I feel it comin'
on," said Sonny Liston on a recent after-dinner walk. "I'll get to
feelin' pretty evil the last few days or so before the fight. I'll pull inside
myself to build up a good hate and I'll be pretty hard to live with."
Thus that strange
bundle of complexes known to the fight world as Sonny, to his wife as Charles
and to his campmates as T.C. (for Top Cat, the television cartoon character)
keeps his record of confusions and contradictions clear. For months now Liston
has been telling everyone who would listen how much he hates Heavyweight
Champion Floyd Patterson. "Why shouldn't I resent him?" Liston said.
"He runs from Negro opponents. That man's prejudiced. He hasn't fought a
Negro since Hurricane Jackson. I hate him." He has repeated and enlarged on
the theme. Now he announces that he has to work up to feeling "evil" in
the last week of training.
But figuring out
"the real Liston" or even getting a slightly accurate line on the
214-pound challenger is a task which consistently has eluded the visitors to
his training camp at Aurora Downs, Ill. The reason is that for all his outward
appearances of being merely a big, dumb brute with pronounced antisocial
tendencies, Liston has many beguiling traits.
The visitor to
Aurora Downs can see the evidence all around him. Liston, for no apparent
reason, will blow his top at one of his entourage, but within a few minutes
will turn suddenly into a picture of contrition, even offering money in
apology. He will meet the press and answer questions in surly monosyllables.
Then, the press conference hurriedly terminated, Liston will go out and chat
for an hour with the policeman at the camp gate. "The poor guy could go
nuts standin' out there by hisself all the time," Liston explains. Or he
will slip a $10 bill to a sparmate he has beaten at cards. "He didn't have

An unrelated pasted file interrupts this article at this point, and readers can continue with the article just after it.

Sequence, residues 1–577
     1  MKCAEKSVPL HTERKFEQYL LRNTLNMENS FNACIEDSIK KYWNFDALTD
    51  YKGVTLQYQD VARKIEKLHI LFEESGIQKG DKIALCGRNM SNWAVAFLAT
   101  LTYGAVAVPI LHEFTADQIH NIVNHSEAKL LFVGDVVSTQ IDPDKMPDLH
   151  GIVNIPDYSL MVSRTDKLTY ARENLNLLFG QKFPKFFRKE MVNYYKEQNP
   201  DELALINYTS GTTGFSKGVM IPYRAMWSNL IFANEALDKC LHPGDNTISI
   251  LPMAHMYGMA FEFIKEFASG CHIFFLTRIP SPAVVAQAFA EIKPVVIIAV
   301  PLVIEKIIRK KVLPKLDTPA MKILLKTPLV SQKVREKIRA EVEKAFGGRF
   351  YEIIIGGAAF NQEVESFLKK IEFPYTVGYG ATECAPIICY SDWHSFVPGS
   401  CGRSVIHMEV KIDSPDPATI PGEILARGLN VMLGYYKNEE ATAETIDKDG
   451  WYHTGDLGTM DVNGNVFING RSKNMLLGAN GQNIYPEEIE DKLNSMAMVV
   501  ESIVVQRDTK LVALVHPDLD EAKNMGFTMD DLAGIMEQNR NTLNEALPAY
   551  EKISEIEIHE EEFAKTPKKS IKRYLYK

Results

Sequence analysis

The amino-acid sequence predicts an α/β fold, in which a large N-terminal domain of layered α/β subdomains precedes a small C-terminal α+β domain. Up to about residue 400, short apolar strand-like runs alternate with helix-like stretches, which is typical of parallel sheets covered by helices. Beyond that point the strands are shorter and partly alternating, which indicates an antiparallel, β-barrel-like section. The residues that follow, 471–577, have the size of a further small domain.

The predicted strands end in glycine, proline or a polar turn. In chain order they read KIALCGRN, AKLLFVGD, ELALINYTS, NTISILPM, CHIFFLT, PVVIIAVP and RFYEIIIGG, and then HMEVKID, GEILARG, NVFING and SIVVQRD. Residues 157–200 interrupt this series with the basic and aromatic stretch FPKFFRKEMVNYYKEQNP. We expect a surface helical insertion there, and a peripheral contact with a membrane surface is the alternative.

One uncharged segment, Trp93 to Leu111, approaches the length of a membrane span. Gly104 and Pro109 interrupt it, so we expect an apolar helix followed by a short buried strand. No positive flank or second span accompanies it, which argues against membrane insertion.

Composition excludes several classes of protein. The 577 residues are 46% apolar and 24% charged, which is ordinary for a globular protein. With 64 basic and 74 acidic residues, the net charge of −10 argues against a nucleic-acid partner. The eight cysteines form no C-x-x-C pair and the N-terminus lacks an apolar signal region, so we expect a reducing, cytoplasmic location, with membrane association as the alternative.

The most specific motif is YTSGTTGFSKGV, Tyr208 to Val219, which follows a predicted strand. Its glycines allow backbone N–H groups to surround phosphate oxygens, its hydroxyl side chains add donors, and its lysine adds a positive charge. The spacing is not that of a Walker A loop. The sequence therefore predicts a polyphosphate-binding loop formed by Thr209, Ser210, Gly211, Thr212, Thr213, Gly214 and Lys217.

that kind of money to lose," Liston will explain, "but he helped me
pass the time."
Taking its cue
from the mercurial, moody Top Cat, Liston's camp is alive with action, with
change and interchange. The atmosphere is frenetically different from that of
the bucolic Patterson camp, 27 miles away in Elgin, Ill. The din of music is
everywhere. "The first thing T.C. do, he turn on the phonograph in the
morning," says one handler. Aurora Downs, a onetime harness racing and
stock car track 44 miles west of Chicago, has never had it so musical.
and grown over with weeds, the track resembles the grim setting for an Italian
movie. The gutted and burned bodies of two stock cars lie just outside the back
gate. Under the grandstand, one catches the musty, dank odor of long unused
space commingled with the sweet smell of rotting wood.
The only modern
touches are the outdoor gym, off the track, and the indoor gym, under the
grandstand in what used to be a cocktail lounge. Here, for 99� each, the
faithful can watch the Top Cat work out. Experts have found these workouts
baffling. One day last week, Liston shadowed sparring partner Allen Thomas
around the ring for two rounds, working on the technique of cornering an
opponent. Through it all, he almost seemed to be unaware that he had a right
hand. It was left, left, left, with hooks and jabs and crosses.
Liston paused to
breathe deeply, then worked against the heavy bag. His first series of punches
dislodged it from its moorings, while the crowd oohed and ahed. After two timed
minutes, Liston began throwing combinations against the repaired bag. In 15
seconds he managed to get over three sets of five-punch combinations. Said an
onlooker: " Patterson would have rolled 10 punches off that bag in the time
it takes to snap your fingers."
Still, no one
doubted that Liston was whacking the big bag with more authority than any
heavyweight since Rocky Marciano, at least with his left hand. Rope-skipping,
situps, headstands and a pummeling with the medicine ball ended the workout.
Liston wandered over to the main clubhouse to talk to sports-writers and 38
inmates of a state boys reformatory. The Top Cat looked mean when he walked
into the room. Somebody asked him what made him think he could beat Patterson.
"What makes you think I can't?" he shot back.
What did winning
the fight mean to him? "It means more to me than what Martin Luther
King—what he's fighting for down there. Do you think that's important?"
Later he added revealingly: "If I win the fight, you'll be able to see
there's good and bad in everybody. Like the way things stand now, everybody
thinks there's only bad in me."